Michael Lang


SOUND QUALITY - 100% - World-class phono preamp, comprehensive equipment, excellent workmanship. In view of if the flexibility, effort and quality, the price seems fair. - with tubes and transistors, balanced and single-ended connections, MM and MC inputs and adjustable transducer, the Edison is undeniably well-equipped. Is perfect sound also part of the package?

REVIEW SUMMARY: 
Even the Tingvall Trio, considered too soft and harmonic by hardcore jazz fans, suddenly shows an inner tension, perfect tonal balance, and fine spatial reproduction in all three dimensions when played via the once played by the Benz LPS and the Edison. It’s enough to make even nonjazz fans emotional!

The fusion of characteristics essential for experiencing music is here managed in an exemplary manner, and when you add in the workmanship and flexibility here, you will soon you forget your desire for “more”. 

EXTENDED FEVIEW: It’s rare enough to hear news from Helmut Brinkmann. He rejects the notion that this is because he’s spent most of his time living “la dolce vita”; rather it’s due to his approach to development, which is completely independent of standard product cycles and marketing strategies. In fact, sometimes years can pass before an idea becomes a (small) series product, which Brinkmann then presents to the public – as is the case with the Edison phono pre-amp here. 

Doesn’t know the meaning of the word ‘hurry’ 

In a recent interview (STEREO 8/11), Brinkmann explained why it sometimes takes so long: simply, It’s his conviction that everything affects the sound. This means every new development finds him confronted with a puzzle of seemingly infinite pieces which he has to put together through a recurring rhythm of installing, listening and correcting. And as if that wasn’t tortuous enough, sometimes Brinkmann simply makes individual components himself in the in-house machine shed. 

In addition to the desire for the best-possible sound, Brinkmann had another target for the Edison: to offer a complete set of accessories for analog operation. In today’s world that’s as much about several inputs with variable impedance and amplification factor as it is to do with providing a remote control. 

Yet the most demanding of analog aficionados (at the princely sum of €9,000 only they can be considered serious buyers for the Edison) demand even more: just to attract their attention requires capabilities and details which make the extraordinary nature of the object of desire apparent just by reading its brochure.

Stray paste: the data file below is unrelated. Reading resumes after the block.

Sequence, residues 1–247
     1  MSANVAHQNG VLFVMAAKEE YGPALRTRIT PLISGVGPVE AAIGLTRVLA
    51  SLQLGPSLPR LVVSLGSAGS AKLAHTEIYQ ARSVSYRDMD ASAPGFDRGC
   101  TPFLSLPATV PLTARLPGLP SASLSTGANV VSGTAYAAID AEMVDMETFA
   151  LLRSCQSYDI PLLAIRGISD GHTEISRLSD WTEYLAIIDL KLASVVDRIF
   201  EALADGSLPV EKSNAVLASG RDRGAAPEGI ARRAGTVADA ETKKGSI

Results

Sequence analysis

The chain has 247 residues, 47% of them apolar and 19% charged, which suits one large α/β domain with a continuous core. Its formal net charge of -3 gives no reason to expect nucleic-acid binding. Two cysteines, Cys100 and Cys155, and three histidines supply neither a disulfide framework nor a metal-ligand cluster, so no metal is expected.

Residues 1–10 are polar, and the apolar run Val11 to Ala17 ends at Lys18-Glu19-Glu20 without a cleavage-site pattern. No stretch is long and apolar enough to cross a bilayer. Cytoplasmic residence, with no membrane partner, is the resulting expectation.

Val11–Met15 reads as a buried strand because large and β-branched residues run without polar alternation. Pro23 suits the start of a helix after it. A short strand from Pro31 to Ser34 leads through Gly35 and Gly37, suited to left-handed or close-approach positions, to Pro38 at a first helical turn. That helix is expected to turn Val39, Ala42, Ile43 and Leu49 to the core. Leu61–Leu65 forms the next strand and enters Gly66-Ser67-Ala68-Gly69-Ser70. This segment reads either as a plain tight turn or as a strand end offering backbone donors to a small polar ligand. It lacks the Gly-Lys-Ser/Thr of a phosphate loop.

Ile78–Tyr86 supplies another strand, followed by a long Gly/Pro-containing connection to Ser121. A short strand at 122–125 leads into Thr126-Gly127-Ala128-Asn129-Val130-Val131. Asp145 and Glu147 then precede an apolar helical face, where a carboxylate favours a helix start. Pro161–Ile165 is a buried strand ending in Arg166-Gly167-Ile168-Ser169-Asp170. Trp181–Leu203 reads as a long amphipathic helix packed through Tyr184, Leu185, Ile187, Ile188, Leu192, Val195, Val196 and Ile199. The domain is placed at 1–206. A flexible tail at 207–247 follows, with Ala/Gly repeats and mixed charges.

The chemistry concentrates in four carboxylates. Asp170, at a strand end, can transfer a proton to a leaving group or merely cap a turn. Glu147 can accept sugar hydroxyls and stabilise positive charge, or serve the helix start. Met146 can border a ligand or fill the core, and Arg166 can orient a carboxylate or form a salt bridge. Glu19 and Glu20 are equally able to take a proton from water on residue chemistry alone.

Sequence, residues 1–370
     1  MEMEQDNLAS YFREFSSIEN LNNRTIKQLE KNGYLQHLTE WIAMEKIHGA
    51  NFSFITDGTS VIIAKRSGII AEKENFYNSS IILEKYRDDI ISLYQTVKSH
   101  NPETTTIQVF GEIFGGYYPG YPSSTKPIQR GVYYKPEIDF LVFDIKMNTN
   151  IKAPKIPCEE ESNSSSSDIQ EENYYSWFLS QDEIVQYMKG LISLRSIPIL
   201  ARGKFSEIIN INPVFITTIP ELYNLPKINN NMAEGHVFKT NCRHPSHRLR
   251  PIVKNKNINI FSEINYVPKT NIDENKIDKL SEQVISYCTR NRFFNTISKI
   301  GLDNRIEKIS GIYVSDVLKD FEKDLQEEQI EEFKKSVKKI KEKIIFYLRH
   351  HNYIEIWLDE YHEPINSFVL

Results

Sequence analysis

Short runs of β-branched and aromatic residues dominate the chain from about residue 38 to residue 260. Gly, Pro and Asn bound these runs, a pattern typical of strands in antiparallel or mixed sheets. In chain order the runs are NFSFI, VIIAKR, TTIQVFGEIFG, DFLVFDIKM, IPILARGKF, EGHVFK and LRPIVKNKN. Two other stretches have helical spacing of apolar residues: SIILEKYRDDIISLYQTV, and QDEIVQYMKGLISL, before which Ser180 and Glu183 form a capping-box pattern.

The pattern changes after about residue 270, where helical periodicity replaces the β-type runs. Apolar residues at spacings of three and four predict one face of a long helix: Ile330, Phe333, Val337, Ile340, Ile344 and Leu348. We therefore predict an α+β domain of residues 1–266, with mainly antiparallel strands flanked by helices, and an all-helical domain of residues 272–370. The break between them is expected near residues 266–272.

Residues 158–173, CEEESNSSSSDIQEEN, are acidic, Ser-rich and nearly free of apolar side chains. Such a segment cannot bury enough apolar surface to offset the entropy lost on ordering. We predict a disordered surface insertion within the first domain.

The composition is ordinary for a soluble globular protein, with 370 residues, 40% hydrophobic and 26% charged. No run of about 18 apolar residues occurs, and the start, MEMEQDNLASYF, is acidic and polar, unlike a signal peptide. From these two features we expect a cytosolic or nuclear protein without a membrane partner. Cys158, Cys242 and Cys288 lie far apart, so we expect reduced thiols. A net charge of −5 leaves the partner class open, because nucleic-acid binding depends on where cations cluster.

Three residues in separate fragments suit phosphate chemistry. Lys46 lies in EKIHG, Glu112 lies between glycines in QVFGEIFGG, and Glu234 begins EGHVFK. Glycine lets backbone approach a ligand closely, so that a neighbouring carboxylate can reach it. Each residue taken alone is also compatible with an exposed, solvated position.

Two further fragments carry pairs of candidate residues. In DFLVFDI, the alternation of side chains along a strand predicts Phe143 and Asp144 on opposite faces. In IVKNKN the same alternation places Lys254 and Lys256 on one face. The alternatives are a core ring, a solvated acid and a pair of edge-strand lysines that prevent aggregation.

All Brinkmann products are characterised by the quality of their workmanship: flawless and full of attention to the smallest detail, they combine a subtle visual appeal with a similar tactile allure. This is achieved as much by the granite plate under the device as the view provided into the meticulous interior granted by a glass plate. 

Next to the sophisticated green wax paper capacitors, you first notice the two transducers, recognisable by their silver covers, while another technical particularity is almost concealed: two PCF 803 tubes are used per channel. These were developed in the 1970s, and used the receiver section of Telefunken televisions to boost the incoming antenna signal with as little noise as possible. Tube connoisseurs know them as multiple tubes. 

Brinkmann places them in a key location of the Edison: between its two systems the exact RIAA rectification (so important for phono amps) takes place. In addition, the tube works as so-called cathode follower in the circuit, delivers a linear signal with very small output impedance, and is also used for the symmetrical signal processing

Brinkmann leaves the amplification and impedance adjustment of different pickups to the transistors and transducers, and says he feels a minimal deviance of the signal-to-noise ratio from the optimum is acceptable as a trade-off for an especially harmonic sound. Despite its apparently generous handling of decibels, the test lab can confirm that the Edison is quite free of interference

The ingenious circuit board layout, and the power source on the side, contribute to this. Let’s not forget that the balanced design is resistant to interference of any kind, and that – thanks to the included low-loss adapter – the balanced output of the Edison can also be connected to a conventional single-ended input on the downstream pre-amp. In addition, the contact of the ground plug can be removed from the device in order to allow the connection of one or more ground wires.